Scott was born and raised in Machesney Park, IL and at an early age discovered a passion for sports and motorsports. He began racing at the age of 13 and quickly realized that this was a sport he wanted to be involved in for years to come. Scott is currently the Director of Motorsports for TSMGI, a sport, event, and promotional marketing agency out of Deerfield, Illinois. He manages the Charlotte office and the Motorsports division for the company. Shortly after starting his career in Motorsports, which landed him in Charlotte, Scott was diagnosed with Non-Hodgkin’s Lymphoma and following rigorous testing, underwent 8 rounds of Chemotherapy putting him into remission in May 2007. He is thrilled to be celebrating 10 years in remission from Diffuse Large B-cell Lymphoma this year and what better way to celebrate than accepting the nomination to run for Man of the Year through The Leukemia and Lymphoma Society? Over the last decade he has continued to raise funds for LLS through various programs including Light the Night, Hike for Discovery, and numerous Team in Training events. He was blessed enough to meet his amazing wife Jaci not long after his Cancer journey ended and they now have two amazing and beautiful daughters, Harper, 4 and Nora, 2 and live in Harrisburg, NC. He is passionate about helping others through their own cancer journeys and hopeful that soon there will be a cure!
Ally is not your typical eleven-year-old kid. She is someone who has a HUGE heart and cares for others. She loves to be active and started playing softball around age six. She is a strong teammate and, in her eyes, she has ten other sisters who are her best friends. At the age of eight, she started Taekwondo and has worked her way up the ladder. She earned her 2nd Degree Decided Black belt in February 2016 with her high kicks and strong snap, and when it comes to sparring, she can in her words, "take the boys to the wood shack" when she needs to.
When it comes to school, Ally strives to do her best. She is an Honor student at C.C. Griffin Middle school in Concord. Good grades have never come easy for her, but she never quits. That has been our motto. She is always trying to better herself when it comes to her studies.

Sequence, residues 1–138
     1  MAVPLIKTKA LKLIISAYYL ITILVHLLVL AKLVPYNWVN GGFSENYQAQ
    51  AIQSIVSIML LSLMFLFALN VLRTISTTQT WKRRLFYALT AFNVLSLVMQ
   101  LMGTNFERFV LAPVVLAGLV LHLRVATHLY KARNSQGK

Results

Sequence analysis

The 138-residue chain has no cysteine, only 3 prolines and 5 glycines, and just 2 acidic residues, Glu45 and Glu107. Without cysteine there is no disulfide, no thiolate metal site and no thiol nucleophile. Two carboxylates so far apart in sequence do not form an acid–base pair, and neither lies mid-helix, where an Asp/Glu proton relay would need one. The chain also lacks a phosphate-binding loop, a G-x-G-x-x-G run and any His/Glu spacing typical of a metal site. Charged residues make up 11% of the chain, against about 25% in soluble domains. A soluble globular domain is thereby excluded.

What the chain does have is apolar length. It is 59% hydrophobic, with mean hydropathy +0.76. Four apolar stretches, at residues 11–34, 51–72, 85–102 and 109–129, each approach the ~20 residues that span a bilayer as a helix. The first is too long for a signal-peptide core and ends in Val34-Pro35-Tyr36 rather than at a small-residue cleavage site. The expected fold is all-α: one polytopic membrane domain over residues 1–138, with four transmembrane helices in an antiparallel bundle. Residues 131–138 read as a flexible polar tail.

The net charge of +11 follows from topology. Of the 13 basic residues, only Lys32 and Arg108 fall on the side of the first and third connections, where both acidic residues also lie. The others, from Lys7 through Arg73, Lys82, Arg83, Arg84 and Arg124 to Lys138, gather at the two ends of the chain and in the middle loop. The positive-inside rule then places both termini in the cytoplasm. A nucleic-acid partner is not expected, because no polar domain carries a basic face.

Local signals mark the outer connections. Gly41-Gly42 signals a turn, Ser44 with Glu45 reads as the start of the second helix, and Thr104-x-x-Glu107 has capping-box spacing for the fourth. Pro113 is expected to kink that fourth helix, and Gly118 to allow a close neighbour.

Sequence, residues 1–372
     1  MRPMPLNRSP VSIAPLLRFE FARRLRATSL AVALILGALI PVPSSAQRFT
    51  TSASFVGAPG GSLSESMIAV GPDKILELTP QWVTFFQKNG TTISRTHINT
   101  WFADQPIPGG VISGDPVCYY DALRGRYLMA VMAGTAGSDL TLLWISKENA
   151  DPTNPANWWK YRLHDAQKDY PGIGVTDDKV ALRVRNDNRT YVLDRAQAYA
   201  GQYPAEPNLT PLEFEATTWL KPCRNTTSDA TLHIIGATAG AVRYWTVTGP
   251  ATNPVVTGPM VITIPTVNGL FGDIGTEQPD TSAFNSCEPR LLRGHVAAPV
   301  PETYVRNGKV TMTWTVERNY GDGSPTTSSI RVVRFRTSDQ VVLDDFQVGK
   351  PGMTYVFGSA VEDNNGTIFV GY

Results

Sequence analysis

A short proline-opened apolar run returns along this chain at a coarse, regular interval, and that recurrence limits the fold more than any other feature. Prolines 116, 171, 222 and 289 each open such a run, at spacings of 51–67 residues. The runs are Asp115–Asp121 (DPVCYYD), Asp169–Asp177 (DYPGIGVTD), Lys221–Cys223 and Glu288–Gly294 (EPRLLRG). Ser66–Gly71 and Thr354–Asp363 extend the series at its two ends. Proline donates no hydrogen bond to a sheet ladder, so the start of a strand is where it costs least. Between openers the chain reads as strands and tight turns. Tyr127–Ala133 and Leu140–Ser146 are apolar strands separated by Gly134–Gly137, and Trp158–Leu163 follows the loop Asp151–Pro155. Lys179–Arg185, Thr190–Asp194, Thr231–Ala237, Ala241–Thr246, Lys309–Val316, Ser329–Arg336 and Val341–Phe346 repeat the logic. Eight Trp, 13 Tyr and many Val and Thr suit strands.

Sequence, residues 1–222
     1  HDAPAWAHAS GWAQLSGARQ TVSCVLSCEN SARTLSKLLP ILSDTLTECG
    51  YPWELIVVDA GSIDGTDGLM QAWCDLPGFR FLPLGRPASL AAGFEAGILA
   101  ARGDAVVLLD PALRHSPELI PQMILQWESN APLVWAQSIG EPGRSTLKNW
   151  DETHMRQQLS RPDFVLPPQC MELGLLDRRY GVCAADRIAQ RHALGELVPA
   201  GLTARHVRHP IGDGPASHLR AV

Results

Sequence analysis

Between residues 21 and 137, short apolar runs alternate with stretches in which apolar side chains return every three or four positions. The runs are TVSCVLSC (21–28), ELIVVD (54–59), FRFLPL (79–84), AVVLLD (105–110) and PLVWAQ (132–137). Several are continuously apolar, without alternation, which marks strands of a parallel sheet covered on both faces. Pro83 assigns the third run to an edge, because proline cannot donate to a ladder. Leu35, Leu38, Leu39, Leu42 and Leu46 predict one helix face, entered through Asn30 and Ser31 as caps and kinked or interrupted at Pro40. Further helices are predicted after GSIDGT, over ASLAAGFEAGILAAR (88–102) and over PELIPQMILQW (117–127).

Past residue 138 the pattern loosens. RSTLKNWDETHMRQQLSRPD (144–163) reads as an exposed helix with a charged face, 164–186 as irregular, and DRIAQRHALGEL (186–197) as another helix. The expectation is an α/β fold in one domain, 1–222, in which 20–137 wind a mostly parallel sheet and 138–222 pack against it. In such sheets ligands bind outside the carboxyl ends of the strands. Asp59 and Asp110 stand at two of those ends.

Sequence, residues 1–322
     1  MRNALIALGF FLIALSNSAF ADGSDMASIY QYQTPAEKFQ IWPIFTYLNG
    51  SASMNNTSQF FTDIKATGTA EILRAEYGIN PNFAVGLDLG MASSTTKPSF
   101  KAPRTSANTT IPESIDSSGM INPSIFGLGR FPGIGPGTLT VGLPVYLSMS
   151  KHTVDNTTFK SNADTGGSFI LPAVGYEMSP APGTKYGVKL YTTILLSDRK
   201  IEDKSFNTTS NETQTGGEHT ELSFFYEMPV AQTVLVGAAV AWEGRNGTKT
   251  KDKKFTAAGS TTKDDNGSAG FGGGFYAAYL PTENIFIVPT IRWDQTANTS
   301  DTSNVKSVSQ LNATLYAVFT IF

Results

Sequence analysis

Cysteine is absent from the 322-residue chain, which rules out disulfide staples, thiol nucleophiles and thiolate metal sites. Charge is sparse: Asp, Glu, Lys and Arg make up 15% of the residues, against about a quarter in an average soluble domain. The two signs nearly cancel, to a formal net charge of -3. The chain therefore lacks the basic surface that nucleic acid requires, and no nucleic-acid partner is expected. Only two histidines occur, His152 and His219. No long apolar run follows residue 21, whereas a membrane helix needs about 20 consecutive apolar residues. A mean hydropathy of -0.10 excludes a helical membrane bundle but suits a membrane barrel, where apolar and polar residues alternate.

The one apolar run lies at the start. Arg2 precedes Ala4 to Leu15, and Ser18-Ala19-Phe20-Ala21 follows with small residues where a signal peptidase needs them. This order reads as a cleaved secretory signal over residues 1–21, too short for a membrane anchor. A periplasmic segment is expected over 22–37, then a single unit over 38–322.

As you can see, Ally has accomplished a lot in her eleven years. However, she isn't quite done yet. Cancer has picked the wrong Diva to mess with.
In January/February 2016, Ally started losing weight and having night sweats. We thought it was her body getting ready for the change and at first we just dismissed these symptoms. We dismissed the symptoms until the weight loss affected her muscle mass in her arms and legs and we realized she had lost 7.5lbs in 4 months. We took Ally to her pediatrician who performed blood work. At first, she was told to eat more protein, dark leafy greens and take a vitamin with iron. After four weeks we went back for a check-up hoping all her labs and weight would have improved. Her red blood count from March's blood work was 9.5. But she had lost more weight and her red blood count decreased another point to where it was 8.5. Her pediatrician was stumped, so she referred her to a Hematologist.
On Monday, April 25, 2016 we met with Dr. Hinson, of Levine's Children Oncology, who examined Ally and ordered a chest x-ray and more blood work. We weren't even to our car in the parking deck when we got a phone call asking us to return to the office. Dr. Hinson already had the results of her chest x-ray, and as parents, our hearts sank, when we were told that Ally had a large mass in her chest just above her heart. She stated that Ally needed to be admitted to Levine's Children's Hospital in Charlotte that night. She was admitted, and started with multiple tests the following day.
Ally first had a PET scan to see if there was any other tumors in her body. There were five in total. That Friday, we received Ally's diagnosis, which was confirmed as, Stage 3 Hodgkin's lymphoma. As you can imagine, our family was overcome by shock, even more so because Ally's diagnosis came just one year after her father, Preston, beat Hodgkin's lymphoma. Nevertheless, I can say this. We beat it once and we knew we would beat it the second time for good. Ally had a port placed and began chemotherapy. She did amazing. She was awake and asking the nurse's questions every time they came in. She wanted to go through all the snacks she received over the course of the week and wanted to donate to other patients and parents. This was the Ally we hadn't seen in weeks. She was full of life again.
In September 2016, Ally finished her last treatment and is now cancer free.
Ally has many names (Team Ally, Diva Ally, Ally Strong). Her Taekwondo family stated that cancer messed with the wrong Black Belt. Her softball team knew she was going to "knock it out of the park".
Ally has an amazing support team behind her. Her story has reached so many people across the world. We, as her parents, want to send everyone our deepest thank you for their continuous prayers and support.
Through programs like Man & Woman of the Year, The Leukemia & Lymphoma Society (LLS) has invested more than $1 billion in research to advance breakthrough therapies.
In fact, almost half of the new anti-cancer drugs approved by the U.S. FDA from 2000 through 2013 were originally designed to treat blood cancers, and LLS helped advance most of them.
Everyone wins when cancer loses.